Volume 43  Issue 1  January 2019

In This Issue...

Worldwide, the new year starts with grim reminders of social suffering and political domination. What is the role of urban research and theory in such a world? This collection of articles suggests that it is the analysis of frontiers of capitalist predation, be it the ‘lifeless dwellings’ produced by the global super-rich (Atkinson), or the ‘technosphere’ of restless global capital (Lin), or the making of ‘fungible space’ for global logistics (Danyluk). As Anguelovski argues, such frontiers include ‘green infrastructure planning’ and other forms of climate change interventions. Doshi thus reminds us of how displacement takes place in the name of improvement and under the sign of postcolonial development. In such a world, forms of inclusion can also become the means of displacement, as Vidal shows in the case of housing cooperatives. The tools of resistance, Dozier demonstrates, can creatively appropriate the ‘right to property’ and thus contest urban development, but they also engender new rounds of reform and control.

There are methodological challenges at stake in the study of worldwide processes of urban transformation. As Connolly shows, a vibrant debate is underway in urban studies as to whether the conceptual framework of planetary urbanization can capture the ‘metabolisms and circulations’ that make up a lived world and its ontological multiplicity. Kobi’s essay on ‘locality, materiality, and territoriality’ reminds us that even ‘construction sites [that] have been emerging everywhere’ have historical and political specificity. Indeed, the question of history, and of the historical method, is central to this issue of IJURR. By emphasizing the long histories of capital and empire, Boodrookas and Keshavarzian resignify Persian Gulf cities ‘not as an eclectic sideshow but as a central site for global shifts in urbanism, capitalism and architecture in the twentieth century’. Blatman-Thomas and Porter locate the urban, and key categories such as property, in racial capitalism, specifically settler colonial cities. They demonstrate that attention to settler-colonialism, consigned to critical race studies and postcolonial theory, is a foundational methodology for urban studies.

— Ananya Roy


Necrotecture: Lifeless Dwellings and London’s Super‐Rich

The Forever Frontier of Urbanism: Historicizing Persian Gulf Cities

Placing Property: Theorizing the Urban from Settler Colonial Cities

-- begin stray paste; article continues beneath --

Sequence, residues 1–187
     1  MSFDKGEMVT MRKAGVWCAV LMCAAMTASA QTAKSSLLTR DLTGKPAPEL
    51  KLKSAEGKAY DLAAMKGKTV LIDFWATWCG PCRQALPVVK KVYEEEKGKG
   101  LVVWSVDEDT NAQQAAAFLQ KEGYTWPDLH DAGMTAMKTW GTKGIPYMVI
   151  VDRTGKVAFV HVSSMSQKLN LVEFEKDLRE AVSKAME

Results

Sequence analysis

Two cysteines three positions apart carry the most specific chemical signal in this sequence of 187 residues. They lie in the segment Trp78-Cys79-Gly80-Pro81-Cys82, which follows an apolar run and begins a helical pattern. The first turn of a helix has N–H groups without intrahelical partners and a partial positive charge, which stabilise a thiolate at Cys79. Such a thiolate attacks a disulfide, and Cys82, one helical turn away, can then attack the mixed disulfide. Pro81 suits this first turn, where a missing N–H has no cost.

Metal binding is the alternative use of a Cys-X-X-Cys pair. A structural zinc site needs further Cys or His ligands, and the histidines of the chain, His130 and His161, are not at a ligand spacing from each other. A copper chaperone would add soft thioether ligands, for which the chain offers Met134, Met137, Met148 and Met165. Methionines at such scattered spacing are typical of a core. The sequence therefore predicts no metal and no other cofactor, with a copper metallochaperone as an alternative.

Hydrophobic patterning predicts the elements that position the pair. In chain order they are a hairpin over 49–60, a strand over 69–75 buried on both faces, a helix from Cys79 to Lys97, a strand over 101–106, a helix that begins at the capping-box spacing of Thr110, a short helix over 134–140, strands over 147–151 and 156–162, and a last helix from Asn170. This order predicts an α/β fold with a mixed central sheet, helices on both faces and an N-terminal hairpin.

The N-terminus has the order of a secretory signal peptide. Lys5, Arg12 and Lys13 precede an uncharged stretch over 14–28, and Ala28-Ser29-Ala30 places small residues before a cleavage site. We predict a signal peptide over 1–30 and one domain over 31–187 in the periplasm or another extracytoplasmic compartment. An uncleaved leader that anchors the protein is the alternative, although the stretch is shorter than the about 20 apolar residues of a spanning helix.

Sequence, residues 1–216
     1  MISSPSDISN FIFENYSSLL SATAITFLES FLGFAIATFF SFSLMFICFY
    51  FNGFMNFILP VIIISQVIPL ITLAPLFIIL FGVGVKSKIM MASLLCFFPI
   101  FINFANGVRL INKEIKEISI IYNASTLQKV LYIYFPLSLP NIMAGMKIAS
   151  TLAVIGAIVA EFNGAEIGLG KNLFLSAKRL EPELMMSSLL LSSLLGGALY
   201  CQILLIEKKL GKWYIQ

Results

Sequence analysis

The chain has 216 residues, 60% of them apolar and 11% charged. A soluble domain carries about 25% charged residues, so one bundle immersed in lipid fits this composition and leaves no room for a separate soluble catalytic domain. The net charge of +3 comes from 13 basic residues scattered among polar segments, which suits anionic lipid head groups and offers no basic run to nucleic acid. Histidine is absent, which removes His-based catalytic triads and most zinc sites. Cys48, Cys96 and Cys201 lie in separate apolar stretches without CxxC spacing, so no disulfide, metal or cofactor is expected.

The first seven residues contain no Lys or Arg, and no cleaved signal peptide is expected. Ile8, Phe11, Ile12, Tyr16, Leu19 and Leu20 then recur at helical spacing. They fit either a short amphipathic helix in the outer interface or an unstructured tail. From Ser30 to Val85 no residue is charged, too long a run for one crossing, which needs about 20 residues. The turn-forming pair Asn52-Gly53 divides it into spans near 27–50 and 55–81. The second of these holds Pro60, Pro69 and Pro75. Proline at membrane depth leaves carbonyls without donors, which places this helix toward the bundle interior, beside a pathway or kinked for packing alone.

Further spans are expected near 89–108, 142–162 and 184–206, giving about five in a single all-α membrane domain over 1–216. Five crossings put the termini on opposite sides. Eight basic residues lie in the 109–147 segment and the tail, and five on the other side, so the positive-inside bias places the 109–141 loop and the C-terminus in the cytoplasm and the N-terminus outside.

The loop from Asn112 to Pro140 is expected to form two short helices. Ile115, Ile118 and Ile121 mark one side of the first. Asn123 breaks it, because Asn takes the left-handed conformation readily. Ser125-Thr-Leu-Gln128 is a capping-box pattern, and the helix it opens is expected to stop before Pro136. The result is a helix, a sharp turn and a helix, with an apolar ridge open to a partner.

Constructing Cityscapes: Locality, Materiality and Territoriality on the Urban Construction Site in Xinjiang Uyghur Autonomous Region, Northwest China

Urban Political Ecology Beyond Methodological Cityism

Infrastructure’s Expenditures: Changi Airport, Food Cargo and Capital’s Technosphere

Fungible Space: Competition and Volatility in the Global Logistics Network

Greening Displacements, Displacing Green: Environmental Subjectivity, Slum Clearance, and the Embodied Political Ecologies of Dispossession in Mumbai

Grabbed Urban Landscapes: Socio‐spatial Tensions in Green Infrastructure Planning in Medellín

Cooperative Islands in Capitalist Waters: Limited‐equity Housing Cooperatives, Urban Renewal and Gentrification

Contested Development: Homeless Property, Police Reform, and Resistance in Skid Row, LA

Book Reviews

Phil Hubbard 2017: The Battle for the High Street: Retail Gentrification, Class and Disgust. London: Palgrave MacmillanSara González (ed.) 2018: Contested Markets, Contested Cities: Gentrification and Urban Justice in Retail Spaces. Abingdon: Routledge

Miriam Greenberg and Penny Lewis (eds.) 2017: The City is the Factory: New Solidarities and Spatial Strategies in an Urban Age. Ithaca, NY: Cornwell University Press

AbdouMaliq Simone and Edgar Pieterse 2017: New Urban Worlds: Inhabiting Dissonant Times. Cambridge: Polity Press

Winifred Curran 2018: Gender and Gentrification. New York: Routledge

Melody L. Hoffmann 2016: Bike Lanes are White Lanes: Bicycle Advocacy and Urban Planning. Lincoln: University of Nebraska Press

Marie Cartier, Isabelle Coutant, Olivier Masclet and Yasmine Siblot 2016: The France of the Little‐middles. A Suburban Housing Development in Greater Paris. New York and Oxford: Berghahn

Jaime A. Alves 2018: The Anti‐black City: Police Terror and Black Urban Life in Brazil. Minneapolis: University of Minnesota Press